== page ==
Some of my favorite afternoons growing up were when my dad and I would leave my football or baseball practices and head home.
Don't get me wrong; I loved practice. But on the way home I knew I would be able to stop by the old 7-Eleven convenience store at the corner of Belair and Columbia roads and get a few packs of sports cards.
Back then it was just a thrill to pluck down a dollar for four packs of Topps football or baseball cards and try to get a card of your favorite players.
With me it was former Steeler quarterback Terry Bradshaw, or some of the great Pittsburgh Pirates like Willie Stargell or Dave Parker.
I was a card-collecting addict.
I would often spend nights sorting through my cards as if I'd never seen them. I would always try to memorize the stats of the best players.
I was meticulous about my collection. The star cards had to be arranged in alphabetical order, while the commons were separated by teams.
By the time I was 12 or 13, I was saving money to buy my friends' entire collections.
I also started attending shows in Atlanta and anywhere else I could persuade my parents to take me.
Back then it was easy. In the '70s there was only one company producing cards; Topps ruled the card industry in those days.
Slowly other companies formed.
In 1981, Donruss and Fleer popped up. At that time I thought it was terrific; the more the merrier. Then in 1989, Bowman started to produce cards again. Bowman produced cards in the late '40s and early '50s, and another company got in the game.
Upper Deck was the first company to really push the envelope and create a high-end product.
Aided by the popularity of a 19-year-old Ken Griffey Jr. - the first card in the inaugural set - Upper Deck soared.
By the early '90s each of these companies began to produce several brands, and the industry's supply began to outweigh the demand.
In 1992, I sold my entire collection, which included 14 different Mickey Mantles (the king of all sports-card personalities) and more than 1 million cards.
For 10 years, I did not collect cards, but in 2002 I got the urge to buy again.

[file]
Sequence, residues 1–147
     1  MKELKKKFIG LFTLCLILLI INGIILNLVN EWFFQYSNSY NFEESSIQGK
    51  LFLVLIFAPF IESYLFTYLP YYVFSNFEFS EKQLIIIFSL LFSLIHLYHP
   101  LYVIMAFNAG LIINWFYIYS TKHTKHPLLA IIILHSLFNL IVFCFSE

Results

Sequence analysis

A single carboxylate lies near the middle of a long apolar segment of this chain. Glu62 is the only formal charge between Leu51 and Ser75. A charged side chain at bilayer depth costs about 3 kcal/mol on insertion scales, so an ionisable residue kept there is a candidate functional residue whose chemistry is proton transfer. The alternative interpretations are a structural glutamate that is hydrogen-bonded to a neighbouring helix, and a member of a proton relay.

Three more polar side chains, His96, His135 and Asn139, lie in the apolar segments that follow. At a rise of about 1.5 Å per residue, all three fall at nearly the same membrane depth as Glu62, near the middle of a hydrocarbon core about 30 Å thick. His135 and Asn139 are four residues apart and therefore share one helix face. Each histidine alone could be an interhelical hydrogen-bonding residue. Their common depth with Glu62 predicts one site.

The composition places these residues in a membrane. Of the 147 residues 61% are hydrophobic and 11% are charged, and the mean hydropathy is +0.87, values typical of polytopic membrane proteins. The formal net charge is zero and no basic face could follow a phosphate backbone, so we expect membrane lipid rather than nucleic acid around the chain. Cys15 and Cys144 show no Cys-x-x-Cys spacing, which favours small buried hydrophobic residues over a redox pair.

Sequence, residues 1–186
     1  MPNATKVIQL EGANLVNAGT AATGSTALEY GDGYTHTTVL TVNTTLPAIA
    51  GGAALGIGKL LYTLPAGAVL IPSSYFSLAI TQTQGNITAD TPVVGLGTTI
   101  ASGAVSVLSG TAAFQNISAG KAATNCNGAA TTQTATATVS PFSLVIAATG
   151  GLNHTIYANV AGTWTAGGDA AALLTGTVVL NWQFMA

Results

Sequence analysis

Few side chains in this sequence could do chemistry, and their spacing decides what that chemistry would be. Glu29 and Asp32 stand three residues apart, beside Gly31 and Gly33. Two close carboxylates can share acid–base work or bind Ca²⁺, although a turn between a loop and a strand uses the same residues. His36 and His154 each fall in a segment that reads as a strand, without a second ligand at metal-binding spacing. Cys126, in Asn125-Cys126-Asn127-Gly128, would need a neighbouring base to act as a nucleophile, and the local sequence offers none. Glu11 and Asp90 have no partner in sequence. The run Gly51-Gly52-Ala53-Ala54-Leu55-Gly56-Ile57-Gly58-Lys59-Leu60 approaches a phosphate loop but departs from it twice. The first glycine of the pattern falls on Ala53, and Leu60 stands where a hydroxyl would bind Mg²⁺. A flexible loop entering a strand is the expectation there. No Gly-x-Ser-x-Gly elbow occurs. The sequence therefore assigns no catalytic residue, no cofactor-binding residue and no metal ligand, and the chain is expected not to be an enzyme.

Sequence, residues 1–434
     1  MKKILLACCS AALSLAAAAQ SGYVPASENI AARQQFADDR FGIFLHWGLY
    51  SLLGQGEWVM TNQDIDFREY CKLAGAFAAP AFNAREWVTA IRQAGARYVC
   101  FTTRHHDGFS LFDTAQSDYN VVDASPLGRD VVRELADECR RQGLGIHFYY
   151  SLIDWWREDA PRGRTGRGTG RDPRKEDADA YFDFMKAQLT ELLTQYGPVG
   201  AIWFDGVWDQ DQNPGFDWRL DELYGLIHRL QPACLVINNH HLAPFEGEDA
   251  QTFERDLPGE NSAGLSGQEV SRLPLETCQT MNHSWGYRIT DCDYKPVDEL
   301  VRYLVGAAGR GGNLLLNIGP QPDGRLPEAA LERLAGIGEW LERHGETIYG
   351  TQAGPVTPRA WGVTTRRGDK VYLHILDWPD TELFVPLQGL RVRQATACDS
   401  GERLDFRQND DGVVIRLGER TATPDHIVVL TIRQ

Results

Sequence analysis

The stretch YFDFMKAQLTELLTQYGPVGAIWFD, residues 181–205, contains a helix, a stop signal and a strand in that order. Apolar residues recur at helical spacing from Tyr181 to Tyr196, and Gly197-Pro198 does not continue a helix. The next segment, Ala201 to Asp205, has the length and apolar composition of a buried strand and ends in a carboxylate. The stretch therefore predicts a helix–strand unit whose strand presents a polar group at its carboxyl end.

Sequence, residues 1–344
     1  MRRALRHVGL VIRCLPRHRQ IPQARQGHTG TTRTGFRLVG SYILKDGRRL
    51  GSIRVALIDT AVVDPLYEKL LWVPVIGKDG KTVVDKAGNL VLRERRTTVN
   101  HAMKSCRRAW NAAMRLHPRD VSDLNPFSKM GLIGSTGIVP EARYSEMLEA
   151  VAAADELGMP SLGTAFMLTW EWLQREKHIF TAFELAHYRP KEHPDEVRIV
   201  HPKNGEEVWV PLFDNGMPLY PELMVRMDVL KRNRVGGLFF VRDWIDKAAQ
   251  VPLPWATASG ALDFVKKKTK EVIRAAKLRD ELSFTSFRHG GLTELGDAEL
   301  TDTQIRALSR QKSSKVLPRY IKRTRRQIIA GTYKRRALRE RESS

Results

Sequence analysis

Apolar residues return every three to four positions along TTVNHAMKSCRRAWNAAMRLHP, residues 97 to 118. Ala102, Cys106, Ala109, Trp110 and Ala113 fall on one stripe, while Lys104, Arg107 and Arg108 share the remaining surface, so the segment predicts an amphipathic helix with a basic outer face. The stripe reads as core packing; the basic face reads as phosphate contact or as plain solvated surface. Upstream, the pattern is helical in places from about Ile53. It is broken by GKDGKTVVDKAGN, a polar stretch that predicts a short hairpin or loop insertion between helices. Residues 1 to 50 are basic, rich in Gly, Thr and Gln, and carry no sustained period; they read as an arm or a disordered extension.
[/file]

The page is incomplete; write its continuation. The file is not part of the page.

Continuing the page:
I quickly realized the industry had completely changed.
There were so many brands that it would be impossible to collect everything, unless you had Shaquille O'Neal-type money, and even then it would be tough.
Also, companies looking for a way to get through the problems of the 1994 baseball strike had a stroke of genius.
Companies began to encase memorabilia pieces like jersey swatches, bats, bases and batting gloves inside randomly inserted cards. Also, they signed the leagues and players to autograph deals and the signed cards were then inserted into packs.
In 1990, Upper deck introduced the idea of using a chance at an autographed card to sell their product.
However, back then it was one player who signed only 2,500 copies. So the odds of pulling a signature were slim.
Today some packs guarantee autographed cards, and it is not just current players.
Card companies now buy vintage items of some of the best athletes of all time to slice them up, put them in cards and entice people to buy their products.
Playoff/Donruss Corp. paid more than $250,000 for a home, pin-stripe Babe Ruth jersey. They then produced some amazing memorabilia cards with swatches from the jersey.
Now, all of these new ideas and the modern technology cost the companies a pretty penny. This means the 25-cent pack is a thing of the past.
Currently, packs usually range from $1.25 to $8 each. This season Upper Deck introduced the world's most expensive pack: Upper Deck Exquisite Basketball, which retails at most hobby stores for $500 per pack.
If you think that sounds expensive, well, I'd agree.
But the card industry is like playing the lottery, and sometimes you can get lucky.
Just ask Rick Mirigian, a 27-year-old concert promoter from Fresno, Cal. In June, Nirigian walked in to Mossette's Sports Cards & Collectibles and plunked down $1,500 for three packs of Exquisite.
Inside one of the packs was the find of a lifetime. There was a card containing the NBA logo patch from the uniforms of Kobe Bryant and LeBron James. The card was numbered 1 of 1. That's right; only one of these cards was in existence.
Mirigian quickly put the card up for sale on eBay. The card sold for an eye-popping $62,100, and that could be eclipsed soon.
According to Upper Deck, they also produced a Michael Jordan/LeBron James 1 of 1 NBA patch card.
Of course, not everyone is going to pull a $62,000 card.
But the art of card collecting is hot again. The companies have the high-end products, but they also produce less expensive products to keep the young collectors involved.
With innovative card companies and online auction Web sites, it appears the sports card industry is as healthy as ever.
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